Tackling illegal cyanide fishing All the photos used in this publication have been taken by OATA and are for illustration purposes only.

Public and home aquarium bodies join forces to fund new research into this illegal practice

The use of cyanide to catch marine fish for the aquarium & live fish food industries started in the 1960s. It became widespread in the following decades and by the 1990s many governments had made fishing using cyanide illegal. Fishers dissolved cyanide in bottles to be sprayed into coral reef crevices or drop it to the seabed in drums. Both methods stun the fish which are then easier to catch. This illegal practice is also used to catch live fish for food and can harm the fish, the fishers and coral reefs.

Due to the nature of illegal, unreported and unregulated (IUU) fishing, it is difficult to say how widespread this practice is today.

It mainly occurs in the Coral Triangle – an area stretching from Malaysia and the Philippines, to Indonesia and the Solomon Islands, known to have the highest diversity of coral building reefs and coral reef fishes anywhere in the world.

The legitimate trade which sell or display wild caught marine fish want to stamp out this illegal practice. They work hard to ensure their supplies of marine fish are sourced legally and sustainably. Businesses have also established and promoted initiatives for local fishers within the Coral Triangle to improve welfare standards and promote safe and sustainable capture methods.

The Ornamental Aquatic Trade Association & Sea Life have joined forces to commission new research from Cefas (the Centre for Environment, Fisheries and Aquaculture Science), an independent UK executive agency. We asked Cefas to look at how fish metabolise cyanide, which is the best indicator to test for to show fish have been caught using cyanide and to review the currently available tests.

Cyanide detection tests are the most talked about way to solve this issue. But these tests need to be simple to use in the field in areas where fish are caught & robust enough to prove that fish were caught using cyanide beyond all reasonable doubt in a court of law. At stake are the livelihoods of many thousands of families. 370m people live in the Coral Triangle with the majority directly reliant on the ocean for food and their livelihoods.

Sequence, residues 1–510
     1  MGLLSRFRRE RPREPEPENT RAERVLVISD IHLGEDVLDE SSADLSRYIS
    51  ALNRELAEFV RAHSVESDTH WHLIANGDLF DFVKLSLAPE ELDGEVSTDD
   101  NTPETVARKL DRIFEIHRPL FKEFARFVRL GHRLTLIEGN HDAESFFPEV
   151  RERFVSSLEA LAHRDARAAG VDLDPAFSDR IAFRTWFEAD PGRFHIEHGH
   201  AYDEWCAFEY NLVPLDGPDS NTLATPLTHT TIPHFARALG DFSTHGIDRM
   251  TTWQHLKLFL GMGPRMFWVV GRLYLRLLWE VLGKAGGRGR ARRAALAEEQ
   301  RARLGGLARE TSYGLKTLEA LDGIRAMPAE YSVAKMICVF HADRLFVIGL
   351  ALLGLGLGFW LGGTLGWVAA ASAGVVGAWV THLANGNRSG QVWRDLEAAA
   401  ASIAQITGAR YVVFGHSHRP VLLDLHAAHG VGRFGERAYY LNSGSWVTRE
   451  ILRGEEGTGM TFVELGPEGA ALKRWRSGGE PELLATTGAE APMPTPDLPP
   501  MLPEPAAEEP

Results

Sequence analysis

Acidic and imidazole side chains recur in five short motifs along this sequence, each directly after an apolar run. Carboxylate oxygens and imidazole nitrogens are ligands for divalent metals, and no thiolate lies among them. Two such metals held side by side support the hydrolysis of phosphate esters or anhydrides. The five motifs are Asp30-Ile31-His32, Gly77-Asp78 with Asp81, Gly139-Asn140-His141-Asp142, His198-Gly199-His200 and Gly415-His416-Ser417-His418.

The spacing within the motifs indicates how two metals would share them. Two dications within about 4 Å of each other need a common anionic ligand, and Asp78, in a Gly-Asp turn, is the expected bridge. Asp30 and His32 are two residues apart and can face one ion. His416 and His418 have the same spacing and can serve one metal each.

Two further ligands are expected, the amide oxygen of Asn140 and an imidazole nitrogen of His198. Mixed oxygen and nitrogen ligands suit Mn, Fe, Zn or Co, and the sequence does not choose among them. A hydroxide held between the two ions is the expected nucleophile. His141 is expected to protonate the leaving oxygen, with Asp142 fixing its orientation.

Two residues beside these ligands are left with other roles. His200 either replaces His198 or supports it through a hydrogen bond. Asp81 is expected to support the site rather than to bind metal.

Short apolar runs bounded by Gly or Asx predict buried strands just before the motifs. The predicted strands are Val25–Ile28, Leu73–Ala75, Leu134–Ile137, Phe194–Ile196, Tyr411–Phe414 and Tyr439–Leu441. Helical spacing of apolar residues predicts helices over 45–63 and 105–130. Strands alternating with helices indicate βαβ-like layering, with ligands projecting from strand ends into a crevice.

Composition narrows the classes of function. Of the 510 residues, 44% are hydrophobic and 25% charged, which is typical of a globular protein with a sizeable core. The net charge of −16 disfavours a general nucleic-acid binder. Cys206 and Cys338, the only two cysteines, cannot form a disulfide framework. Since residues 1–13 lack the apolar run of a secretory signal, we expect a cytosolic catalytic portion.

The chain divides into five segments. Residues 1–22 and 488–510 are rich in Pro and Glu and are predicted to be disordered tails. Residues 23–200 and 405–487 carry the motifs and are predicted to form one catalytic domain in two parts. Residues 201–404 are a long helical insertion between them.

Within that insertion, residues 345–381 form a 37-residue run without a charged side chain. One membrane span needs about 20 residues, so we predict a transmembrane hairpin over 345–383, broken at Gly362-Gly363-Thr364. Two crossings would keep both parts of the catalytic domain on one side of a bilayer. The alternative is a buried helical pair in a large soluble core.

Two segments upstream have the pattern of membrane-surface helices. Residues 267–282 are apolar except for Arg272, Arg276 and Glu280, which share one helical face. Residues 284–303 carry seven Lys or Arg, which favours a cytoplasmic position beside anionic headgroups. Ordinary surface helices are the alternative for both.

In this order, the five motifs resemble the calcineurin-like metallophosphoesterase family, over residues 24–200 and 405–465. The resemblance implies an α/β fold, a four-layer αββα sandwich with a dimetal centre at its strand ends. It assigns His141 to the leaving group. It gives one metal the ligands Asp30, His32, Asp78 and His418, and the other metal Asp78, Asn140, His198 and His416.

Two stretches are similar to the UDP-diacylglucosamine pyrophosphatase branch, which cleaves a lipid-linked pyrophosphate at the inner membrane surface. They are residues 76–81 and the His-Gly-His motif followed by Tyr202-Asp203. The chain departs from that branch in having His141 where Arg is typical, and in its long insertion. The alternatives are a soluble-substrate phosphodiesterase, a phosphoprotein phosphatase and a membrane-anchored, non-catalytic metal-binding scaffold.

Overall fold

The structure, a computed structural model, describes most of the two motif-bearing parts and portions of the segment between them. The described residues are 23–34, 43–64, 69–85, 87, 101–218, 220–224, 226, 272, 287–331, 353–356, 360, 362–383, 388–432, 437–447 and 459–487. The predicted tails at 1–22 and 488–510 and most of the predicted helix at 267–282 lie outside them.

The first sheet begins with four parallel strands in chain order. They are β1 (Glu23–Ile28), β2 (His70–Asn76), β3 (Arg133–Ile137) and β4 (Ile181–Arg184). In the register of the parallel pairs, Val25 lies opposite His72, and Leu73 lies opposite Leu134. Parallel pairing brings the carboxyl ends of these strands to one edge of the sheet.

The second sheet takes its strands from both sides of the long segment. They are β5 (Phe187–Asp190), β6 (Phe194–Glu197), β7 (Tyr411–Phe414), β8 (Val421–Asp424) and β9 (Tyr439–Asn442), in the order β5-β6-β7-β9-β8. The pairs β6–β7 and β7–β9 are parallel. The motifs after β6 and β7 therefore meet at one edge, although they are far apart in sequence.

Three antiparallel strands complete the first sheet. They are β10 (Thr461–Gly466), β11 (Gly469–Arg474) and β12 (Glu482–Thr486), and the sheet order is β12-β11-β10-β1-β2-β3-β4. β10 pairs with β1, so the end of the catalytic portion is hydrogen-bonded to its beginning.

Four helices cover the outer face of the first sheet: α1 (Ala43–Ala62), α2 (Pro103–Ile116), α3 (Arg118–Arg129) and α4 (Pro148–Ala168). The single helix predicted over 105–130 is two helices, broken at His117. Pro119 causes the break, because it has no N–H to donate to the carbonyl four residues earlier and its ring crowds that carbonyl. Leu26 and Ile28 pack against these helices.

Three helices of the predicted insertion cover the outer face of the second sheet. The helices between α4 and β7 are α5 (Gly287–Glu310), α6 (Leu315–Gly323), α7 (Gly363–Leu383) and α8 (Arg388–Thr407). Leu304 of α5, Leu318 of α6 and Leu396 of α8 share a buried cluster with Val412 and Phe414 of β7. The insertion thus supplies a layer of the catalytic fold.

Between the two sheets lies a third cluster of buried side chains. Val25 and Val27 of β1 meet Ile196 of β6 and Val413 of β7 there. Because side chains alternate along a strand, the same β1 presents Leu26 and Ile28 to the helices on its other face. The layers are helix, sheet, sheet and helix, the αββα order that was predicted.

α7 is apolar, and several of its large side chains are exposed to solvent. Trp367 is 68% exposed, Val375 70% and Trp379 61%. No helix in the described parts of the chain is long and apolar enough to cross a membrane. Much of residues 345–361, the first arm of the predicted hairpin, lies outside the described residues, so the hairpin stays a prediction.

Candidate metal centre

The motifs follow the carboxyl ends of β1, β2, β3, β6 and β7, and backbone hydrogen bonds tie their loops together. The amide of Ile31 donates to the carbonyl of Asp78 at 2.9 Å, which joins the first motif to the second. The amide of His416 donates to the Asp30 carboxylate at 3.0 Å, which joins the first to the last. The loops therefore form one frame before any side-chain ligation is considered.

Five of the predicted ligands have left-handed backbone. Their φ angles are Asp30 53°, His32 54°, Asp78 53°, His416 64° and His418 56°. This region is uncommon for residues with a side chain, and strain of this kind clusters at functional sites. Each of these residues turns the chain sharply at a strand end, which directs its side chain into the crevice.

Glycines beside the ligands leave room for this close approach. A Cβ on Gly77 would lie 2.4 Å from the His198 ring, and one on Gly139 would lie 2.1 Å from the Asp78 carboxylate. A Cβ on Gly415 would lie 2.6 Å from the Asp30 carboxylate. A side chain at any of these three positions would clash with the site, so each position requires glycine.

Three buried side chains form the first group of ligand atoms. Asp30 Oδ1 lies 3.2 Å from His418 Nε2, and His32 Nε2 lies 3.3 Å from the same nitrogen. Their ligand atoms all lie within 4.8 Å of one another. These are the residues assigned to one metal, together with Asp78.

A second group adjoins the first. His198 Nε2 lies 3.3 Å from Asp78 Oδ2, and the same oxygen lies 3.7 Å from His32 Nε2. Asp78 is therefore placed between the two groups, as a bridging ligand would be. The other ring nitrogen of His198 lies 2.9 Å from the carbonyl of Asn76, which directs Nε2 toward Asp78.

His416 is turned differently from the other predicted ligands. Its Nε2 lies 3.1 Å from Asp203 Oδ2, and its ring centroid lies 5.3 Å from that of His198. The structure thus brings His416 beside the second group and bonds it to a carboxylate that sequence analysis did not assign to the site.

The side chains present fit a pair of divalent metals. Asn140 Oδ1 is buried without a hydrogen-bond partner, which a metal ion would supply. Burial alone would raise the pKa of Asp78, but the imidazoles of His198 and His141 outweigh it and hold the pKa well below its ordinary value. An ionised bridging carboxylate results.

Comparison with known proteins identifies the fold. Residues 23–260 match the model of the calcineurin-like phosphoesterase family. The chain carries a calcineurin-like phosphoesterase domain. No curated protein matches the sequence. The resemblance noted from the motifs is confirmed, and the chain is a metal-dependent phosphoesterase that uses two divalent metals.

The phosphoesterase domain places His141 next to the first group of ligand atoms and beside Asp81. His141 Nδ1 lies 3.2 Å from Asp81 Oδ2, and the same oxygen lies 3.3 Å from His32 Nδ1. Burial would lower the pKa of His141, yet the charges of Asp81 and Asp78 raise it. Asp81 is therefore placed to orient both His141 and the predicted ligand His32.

A cyanide detection test sounds simple in theory. But in order to be robust, reliable and repeatable, it needs to overcome a number of issues...

It needs to establish that fish have been caught using cyanide (showing elevated cyanide levels above a background level cyanide in the area where fish are caught).

Cyanide is produced naturally by bacteria, fungi, algae, plants & some invertebrates. It can also be introduced into water through industrial processes like mining and agriculture such as cassava processing, both of which are widespread in areas where marine fish are caught. So in order not to criminalise innocent fishers, a test needs to show fish were caught using cyanide.

It needs to test for the best indicator of cyanide exposure.

The major pathway for cyanide detoxification is the conversion of cyanide to thiocyanate. Therefore, thiocyanate has been highlighted by Cefas as the best indicator to use in a cyanide detection test.

This is a big breakthrough in the quest for a test.

Testing needs to be quick, simple and non-invasive so it can be easily carried out by law enforcers in the field where fish are caught.

Finding a validated test that will stand up in a court of law has been a key stumbling block in trying to stamp out this illegal practice.

It needs to avoid ‘false positives’ results.

Fish can produce thiocyanate by pathways other than cyanide exposure so levels need to be established that show exposure as a direct result of cyanide fishing.

It needs to take into account the differences in how cyanide is metabolised between fish of the same species, different species and at different life stages.

So where next in the quest for a reliable field test to tackle fish caught using cyanide?

Five reasons why we believe our new research by Cefas brings us closer to finding a validated cyanide detection test...

1 For the first time in 10 years the available scientific evidence has been brought together and examined by an independent UK Government organisation.

2 There is now a clear understanding of the issues to be tackled to create a validated cyanide detection test and how they can be overcome.

3 Cefas has identified thiocyanate as the best indicator of cyanide exposure currently available. giving researchers a clear idea of what to measure when they create a test. Other indicators that need further scientific research have also been suggested.

4 There’s been an independent examination of the tests currently available to determine which are the most robust, reliable and repeatable to give accurate, consistent results.

5 There’s a clear set of independent recommendations about the next steps that need to happen to make progress.

OATA now looks to research institutions and industry partners to take forward these recommendations and we pledge to play our part in helping where we can.

The Ornamental Aquatic Trade Association (OATA) is the 'voice' of the UK tropical fish and aquatics trade and represents a wide range of businesses, from retail shops and manufacturers, to wholesalers and importers.


OATA, Keith Davenport

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